• Many don’t know what “evangelism” is.
  • When doing church consulting, I ask believers to rate the evangelism in their church. It’s not uncommon for me to hear answers like, “We send a lot of people on mission trips” or “we minister to the homeless downtown.” Both of these ministries are significant (and would likely contribute to evangelism), but they’re not evangelism unless the gospel message is proclaimed.

  • We have few evangelistic role models.
  • Two men in my life modeled evangelism for me. In both cases, seldom was I with either man without his sharing the gospel with somebody. When I ask my students today about their models, though, many have none.

  • Some church members aren’t convinced about lostness.
  • I encourage you to consider doing an anonymous theological survey of your church. I will not be surprised if you find folks who believe that good people might go to heaven apart from a relationship with Christ. Folks who believe that way see no need to do evangelism.

  • Some churches have provided no evangelism training.
  • I am still surprised by the number of churches that have no intentional, strategic plan to help Christ followers do evangelism. Ideally, of course, believers will naturally talk about Jesus, but even passionate people sometimes need direction and equipping.

  • Fear of the unknown halts our efforts.
  • You’ve probably heard fears expressed. “He might not listen to me.” “What if doing this costs me my friend?” “She might ask me questions I can’t answer . . . .” “They might reject what I say.” Most of these fears, I believe, are more perceived than real in North American culture, but perception matters.

  • We’ve “gotten over” our salvation.
  • In some ways, this issue is the focus of my book, Nobodies for Jesus. When Jesus becomes routine to us – that is, our passion for Him has settled into mediocrity – we won’t readily tell others about Him.

  • Pastors aren’t taking the lead in evangelism
  • . I cannot recall ever seeing a strongly evangelistic church led by a non-evangelistic pastor. The pastor who evangelizes regularly will speak more of his evangelistic experiences, challenge his church with more passion to evangelize, and assure his church provides evangelistic training.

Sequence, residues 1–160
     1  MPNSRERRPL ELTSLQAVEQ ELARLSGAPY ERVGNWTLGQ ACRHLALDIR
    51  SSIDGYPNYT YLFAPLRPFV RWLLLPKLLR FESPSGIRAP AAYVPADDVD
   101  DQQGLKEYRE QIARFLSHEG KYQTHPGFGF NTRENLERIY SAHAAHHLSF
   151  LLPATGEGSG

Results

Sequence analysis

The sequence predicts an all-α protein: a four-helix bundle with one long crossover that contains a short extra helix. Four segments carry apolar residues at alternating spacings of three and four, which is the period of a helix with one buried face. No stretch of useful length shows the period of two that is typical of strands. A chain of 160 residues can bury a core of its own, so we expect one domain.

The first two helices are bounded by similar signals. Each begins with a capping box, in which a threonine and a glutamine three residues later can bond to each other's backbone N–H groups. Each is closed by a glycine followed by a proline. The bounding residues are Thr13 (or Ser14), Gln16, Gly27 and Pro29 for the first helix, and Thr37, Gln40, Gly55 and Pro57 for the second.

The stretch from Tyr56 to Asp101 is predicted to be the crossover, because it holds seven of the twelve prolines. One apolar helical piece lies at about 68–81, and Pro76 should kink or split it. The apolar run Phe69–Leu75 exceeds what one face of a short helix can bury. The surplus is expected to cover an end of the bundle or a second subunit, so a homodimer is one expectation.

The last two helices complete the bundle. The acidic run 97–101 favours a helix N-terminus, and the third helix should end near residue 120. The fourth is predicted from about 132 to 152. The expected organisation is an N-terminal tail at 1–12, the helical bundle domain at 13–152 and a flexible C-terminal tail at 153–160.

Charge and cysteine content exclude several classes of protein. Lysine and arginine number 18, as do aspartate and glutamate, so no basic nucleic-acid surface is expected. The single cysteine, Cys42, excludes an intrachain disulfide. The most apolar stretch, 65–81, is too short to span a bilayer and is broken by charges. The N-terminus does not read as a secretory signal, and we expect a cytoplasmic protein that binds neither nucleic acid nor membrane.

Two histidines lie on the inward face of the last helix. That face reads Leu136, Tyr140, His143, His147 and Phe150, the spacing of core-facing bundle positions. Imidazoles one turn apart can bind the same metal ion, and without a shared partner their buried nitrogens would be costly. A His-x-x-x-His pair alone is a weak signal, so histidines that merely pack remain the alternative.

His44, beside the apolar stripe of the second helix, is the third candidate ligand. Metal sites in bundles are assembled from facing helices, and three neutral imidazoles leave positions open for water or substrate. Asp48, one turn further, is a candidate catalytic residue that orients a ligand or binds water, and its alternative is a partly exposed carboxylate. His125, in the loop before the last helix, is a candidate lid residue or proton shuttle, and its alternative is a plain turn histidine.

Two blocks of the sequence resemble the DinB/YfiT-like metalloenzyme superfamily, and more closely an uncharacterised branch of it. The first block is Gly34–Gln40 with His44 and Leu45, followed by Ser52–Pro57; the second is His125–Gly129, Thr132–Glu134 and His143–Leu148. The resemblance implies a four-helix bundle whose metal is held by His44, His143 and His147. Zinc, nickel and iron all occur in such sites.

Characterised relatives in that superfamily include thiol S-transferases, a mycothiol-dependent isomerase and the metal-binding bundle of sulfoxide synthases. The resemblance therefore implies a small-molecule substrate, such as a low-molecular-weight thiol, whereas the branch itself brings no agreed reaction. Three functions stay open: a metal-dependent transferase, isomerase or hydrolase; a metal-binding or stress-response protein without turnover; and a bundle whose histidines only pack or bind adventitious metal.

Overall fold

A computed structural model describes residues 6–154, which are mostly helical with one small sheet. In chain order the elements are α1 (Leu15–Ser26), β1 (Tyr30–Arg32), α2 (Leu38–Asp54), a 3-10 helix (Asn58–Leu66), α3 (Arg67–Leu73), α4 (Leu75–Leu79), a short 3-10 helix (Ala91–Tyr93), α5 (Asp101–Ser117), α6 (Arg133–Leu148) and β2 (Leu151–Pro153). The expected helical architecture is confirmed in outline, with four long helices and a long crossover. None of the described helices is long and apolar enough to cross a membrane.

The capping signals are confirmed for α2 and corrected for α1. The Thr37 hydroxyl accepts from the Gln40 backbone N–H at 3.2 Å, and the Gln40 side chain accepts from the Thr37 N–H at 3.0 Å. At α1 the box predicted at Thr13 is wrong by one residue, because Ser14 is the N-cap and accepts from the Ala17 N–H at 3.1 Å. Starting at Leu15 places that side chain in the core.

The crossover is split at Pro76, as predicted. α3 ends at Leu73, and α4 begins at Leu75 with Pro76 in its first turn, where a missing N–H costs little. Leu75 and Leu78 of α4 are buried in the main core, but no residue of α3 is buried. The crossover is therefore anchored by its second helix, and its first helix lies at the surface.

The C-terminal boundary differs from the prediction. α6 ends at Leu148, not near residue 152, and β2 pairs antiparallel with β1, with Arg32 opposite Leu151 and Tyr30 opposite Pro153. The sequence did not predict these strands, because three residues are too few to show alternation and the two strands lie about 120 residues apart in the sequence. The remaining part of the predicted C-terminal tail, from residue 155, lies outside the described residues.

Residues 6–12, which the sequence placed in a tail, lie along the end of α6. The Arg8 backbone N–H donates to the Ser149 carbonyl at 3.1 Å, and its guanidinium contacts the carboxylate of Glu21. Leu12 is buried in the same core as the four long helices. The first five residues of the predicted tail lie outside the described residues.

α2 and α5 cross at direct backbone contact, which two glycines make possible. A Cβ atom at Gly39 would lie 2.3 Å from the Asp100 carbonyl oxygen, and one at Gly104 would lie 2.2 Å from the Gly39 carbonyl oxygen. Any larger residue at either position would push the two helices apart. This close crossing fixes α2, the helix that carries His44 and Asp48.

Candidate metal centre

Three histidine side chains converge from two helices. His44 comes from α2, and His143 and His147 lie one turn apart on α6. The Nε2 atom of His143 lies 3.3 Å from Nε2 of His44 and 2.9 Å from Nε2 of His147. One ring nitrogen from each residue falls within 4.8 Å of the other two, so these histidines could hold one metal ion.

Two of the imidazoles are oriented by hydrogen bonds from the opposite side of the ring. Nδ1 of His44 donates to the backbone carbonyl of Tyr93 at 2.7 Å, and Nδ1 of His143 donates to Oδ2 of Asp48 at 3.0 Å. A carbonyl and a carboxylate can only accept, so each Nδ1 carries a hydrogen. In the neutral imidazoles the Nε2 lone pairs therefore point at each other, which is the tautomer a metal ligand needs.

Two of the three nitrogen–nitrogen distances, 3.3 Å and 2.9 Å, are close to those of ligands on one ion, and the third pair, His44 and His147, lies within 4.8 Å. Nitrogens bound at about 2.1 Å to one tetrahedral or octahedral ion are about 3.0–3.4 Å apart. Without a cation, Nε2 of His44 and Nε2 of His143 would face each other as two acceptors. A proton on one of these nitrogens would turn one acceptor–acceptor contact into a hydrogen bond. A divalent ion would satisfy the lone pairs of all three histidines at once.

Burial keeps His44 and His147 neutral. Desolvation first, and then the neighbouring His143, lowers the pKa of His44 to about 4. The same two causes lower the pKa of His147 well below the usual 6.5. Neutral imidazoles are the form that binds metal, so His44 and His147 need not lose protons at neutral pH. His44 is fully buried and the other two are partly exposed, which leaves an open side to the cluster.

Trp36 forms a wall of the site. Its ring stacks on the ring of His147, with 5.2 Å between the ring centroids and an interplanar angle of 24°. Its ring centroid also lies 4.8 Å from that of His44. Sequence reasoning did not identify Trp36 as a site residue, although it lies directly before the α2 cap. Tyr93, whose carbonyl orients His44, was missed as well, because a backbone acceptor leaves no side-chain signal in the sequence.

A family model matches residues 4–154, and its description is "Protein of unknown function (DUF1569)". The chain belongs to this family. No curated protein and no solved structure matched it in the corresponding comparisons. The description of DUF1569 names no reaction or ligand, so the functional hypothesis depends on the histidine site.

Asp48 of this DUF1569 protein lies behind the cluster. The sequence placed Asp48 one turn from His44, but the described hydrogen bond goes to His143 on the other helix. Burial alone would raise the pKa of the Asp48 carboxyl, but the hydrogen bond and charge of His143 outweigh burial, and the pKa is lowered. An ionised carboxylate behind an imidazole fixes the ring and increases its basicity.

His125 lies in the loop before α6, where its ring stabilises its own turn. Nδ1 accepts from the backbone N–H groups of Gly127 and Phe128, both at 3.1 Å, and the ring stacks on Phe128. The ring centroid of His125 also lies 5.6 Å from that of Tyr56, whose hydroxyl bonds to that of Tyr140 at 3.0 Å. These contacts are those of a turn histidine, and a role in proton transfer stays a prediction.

• We don’t really know many lost people anyway.
  • Many church members are so cocooned in the church world that they couldn’t list several names of non-believers they know well. If our whole world revolves around hanging out with Christians, we’re not likely to do evangelism.

  • We don’t care about non-believers.
  • I don’t think we can avoid this possibility. If we truly believe that people need a personal relationship with Jesus, but we still keep that message to ourselves, how can we conclude otherwise?

    What reasons would you add?

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    What is the Gospel?

    From ReKnew and Roger Oleson What is the Gospel? 04 Nov 2015

    Our friend Roger Olson raised this question in response to accusations by Calvinists that those who espouse Arminianism do not “preach the gospel.” The same argument has been made about Open Theists. Olson writes:

    The complete gospel is communicated in Ephesians 2:8-9: “For it is by grace that you have been saved through faith and that not of yourselves; it is the gift of God, not of works lest anyone should boast.” Every true, classical, historical Arminian of the heart (evangelical Arminian) believes and preaches this just as fervently and faithfully as any Calvinist does.

    The problem begins to appear when Calvinists (and some Lutherans) begin to pack a systematic theology, that of Calvin, Edwards and Hodge, into that passage saying that it requires monergism. It simply does not.

    To read the rest of Roger’s post click herehttp://www.patheos.com/blogs/rogereolson/2015/11/what-is-a-complete-gospel/. - See more at: http://reknew.org/2015/11/what-is-the-gospel/#sthash.7ksoDncq.dpuf

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    Dr. Witherington III on Women In Ministry

    I just finished a two-part sermon on 1 Timothy 1.8-15 and leaned heavily on Dr Witherington, NT Wright and Philip Towner. Here is Witherington's summary. Or go listen to the series on www.bayshoresrq.org where I used a lot of his material.

    Why Arguments Against Women in Ministry Aren’t Biblical June 2, 2015 by Ben Witherington

    bwiii (This is a re-post of a piece I wrote for Beliefnet many years ago, back by popular demand. BW3)

    Most of you who know me, know that I did my doctoral thesis on women in the NT with C.K. Barrett at the University of Durham in England. My first three published scholarly books were on this very subject. One of the reasons I did that thirty some years ago was because of the controversy that raged then over the issue of women in ministry, and more particularly women as pulpit ministers and senior pastors. Never mind that the Bible does not have categories like ‘senior pastor’ or ‘pulpit minister’, the NT has been used over and over again to justify the suppression of women in ministry— and as I was to discover through years of research and study, without Biblical justification. Now of course equally sincere Christians may disagree on this matter, but the disagreements should be on the basis of sound exegesis of Biblical texts, not emotions, rhetoric, mere church polity, dubious hermeneutics and the like.